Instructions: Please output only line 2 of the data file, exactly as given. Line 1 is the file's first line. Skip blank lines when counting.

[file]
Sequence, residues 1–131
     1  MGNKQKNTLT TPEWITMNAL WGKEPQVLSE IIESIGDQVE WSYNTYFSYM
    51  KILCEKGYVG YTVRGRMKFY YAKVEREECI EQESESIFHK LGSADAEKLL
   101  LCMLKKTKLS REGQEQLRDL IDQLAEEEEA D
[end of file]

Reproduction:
     1  MGNKQKNTLT TPEWITMNAL WGKEPQVLSE IIESIGDQVE WSYNTYFSYM